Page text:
Last week I had the pleasure of attending RailsConf 2019 for the first time, and the honor to be a speaker. My talk was titled “Bug-Driven Development”. On the surface it’s ostensibly a war story about fixing a particularly nasty bug. At a deeper level, it is about software design evolution. Software is an iterative endeavor, perpetually in a state of flux. Requirements change, new features are added, external APIs are deprecated, scaling demands adjustments. In the talk, I try to thread the needle between a specific bug fix and the broader applicability of design patterns, proper abstractions, and the role of testing. My goal was for audience members to be able to see both the proverbial forest and the trees: to connect the ivory-tower, abstract design concepts with the day-to-day practice of writing code, test-driven development, and fixing bugs.
Eric Higgins makes an analogy that resonates: Technical debit is like a Tetris. It accumulation can always be seen, but it not necessarily detrimental until there is enough of it. At some point it can make it impossible to make progress, or even to keep the game going. I guess starting a new game is equivalent for rewriting your software :-).
One doesn’t have to program for long before encountering the sharp edges of date, time, and time zones handling. For a lot of use cases, storing date/time in UTC is a good solution. In this post, Jon Skeet explains why it doesn’t solve all the possible problems. The biggest takeaway is that Time zone definition changes constantly, and if your code doesn’t account for it explicitly, it will do so implicitly – sometimes with unexepcted results.
I manage my Unix dotfiles with care, manage them with source control, and take them with me from machine to machine. I spend a lot of time in my Unix environment and my configuration allows me to be productive. Until recently, I managed my dotfiles with a hand-crafted script that created symlinks. In the past I tried a few different solutions for the same problem, but nothing worked well for both files, directories and arbitrary locations. In this post, Brandon Invergo explains how to leverage a new-to-me utility: GNU
stow. It’s purpose is to manage symlinks, usually in the context of activating different version of the same software in the same system. It works great for dotfiles!
Hongli Lai writes a provocative post about his research into Ruby memory bloat. Long-running Ruby process, typically grow in their memory usage over time. It’s common to see Ruby servers being re-started once a day (like on Heroku) to avoid this very issue. In this post, the author proposes that the reason behind memory bloat is not memory fragmentation, like a lot of people in the community assume. Instead, he points to the memory allocator (
malloc) not releasing memory. I am not very familiar with memory allocation, so I am left wondering if other languages that also use
mallocsuffer from the same issue as Ruby.
Akira Matsuda released a new templating engine with a novel take. The standard template engine in Ruby is
ERB. It’s the default in Rails when rendering HTML. A user typically starts with HTML and sprinkles in special tags that get processed as ruby and replaced. HAML, is an alternative that was designed to avoid writing inline code in a web document. It always generates valid HTML, because it functions as a DSL. The down-side is that one must learn the new syntax. That is where HIML comes in: It produces valid HTML and provides some of the conveniences of HAML (e.g. autoclosing tags), but as intuitive as HTML and ERB.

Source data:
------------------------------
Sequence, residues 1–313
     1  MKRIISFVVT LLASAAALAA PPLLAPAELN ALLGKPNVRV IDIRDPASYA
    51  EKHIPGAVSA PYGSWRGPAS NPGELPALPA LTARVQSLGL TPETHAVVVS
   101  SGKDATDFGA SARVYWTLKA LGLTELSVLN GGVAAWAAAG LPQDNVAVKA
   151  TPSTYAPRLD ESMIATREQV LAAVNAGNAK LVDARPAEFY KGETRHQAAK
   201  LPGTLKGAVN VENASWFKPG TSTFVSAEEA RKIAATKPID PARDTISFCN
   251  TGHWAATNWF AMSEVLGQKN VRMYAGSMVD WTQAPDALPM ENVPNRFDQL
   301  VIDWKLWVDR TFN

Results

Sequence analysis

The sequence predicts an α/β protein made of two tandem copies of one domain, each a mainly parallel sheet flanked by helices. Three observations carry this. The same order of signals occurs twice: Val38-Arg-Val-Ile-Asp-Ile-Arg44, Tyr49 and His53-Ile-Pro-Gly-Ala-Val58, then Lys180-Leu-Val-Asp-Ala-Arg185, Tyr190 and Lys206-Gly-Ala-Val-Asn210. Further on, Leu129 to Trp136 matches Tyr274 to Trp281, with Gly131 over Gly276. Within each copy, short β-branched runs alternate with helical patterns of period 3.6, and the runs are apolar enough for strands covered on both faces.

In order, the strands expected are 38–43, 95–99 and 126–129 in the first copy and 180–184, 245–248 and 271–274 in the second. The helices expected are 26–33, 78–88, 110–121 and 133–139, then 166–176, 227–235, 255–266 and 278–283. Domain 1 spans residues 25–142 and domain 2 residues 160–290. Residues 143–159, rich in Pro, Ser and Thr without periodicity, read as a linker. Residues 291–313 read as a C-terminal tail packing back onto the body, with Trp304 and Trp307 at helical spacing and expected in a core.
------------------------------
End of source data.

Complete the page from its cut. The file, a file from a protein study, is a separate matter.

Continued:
<section> <!-- This will auto-close! --> <div> <!-- As will this --> <%= post.content %> <!-- Standard way to interpolate ruby code -->
Jess Frazelle explains the qualities that a distinguished engineer or technical fellow should exhibit. The list is solid and resonates with my views. My only bone to pick is with the often-repeated adage: Have strong opinions, loosely held. I don’t think that is quite accurate. Opinions held in strength proportional to the weight of the evidence doesn’t have the same ring to it. I understand if it doesn’t catch on. Note that the actual description under the heading is spot on:
They do not need to have opinions on everything, that would be pedantic. Technical leaders should be able to use their experience to help others succeed, while also empowering others to own solutions.
As a Software Engineer, I spend most of my day working on a computer. Over the years, I’ve come to customize my setup to align better to the way I work and become more efficient. Efficiency is important because of the time you save, but not because you can do more with the time saved. It’s allows you to keep focus on what you want to accomplish, instead of the mechanics of accomplishing it.
Vineet Gopal from Benchling writes an interesting post about their approach to running migrations on highly-contested databases in production. A new concept for me was that they automatically retry migrations that fail due to lock timeouts. This reduces the number of failed deployments and manual intervention steps.
In this post Paweł Dąbrowski shows how to leverage Ruby’s value equality (
===) method, and overriding the default functionality in custom exceptions. The results is cleaner exception handling code.
Alvise Susmel writes in detail how to use Phoenix Chat PubSub implementation using the
pg2library. The result a distributed, multi-node chat service that does not have an external dependency to a separate system (like Redis).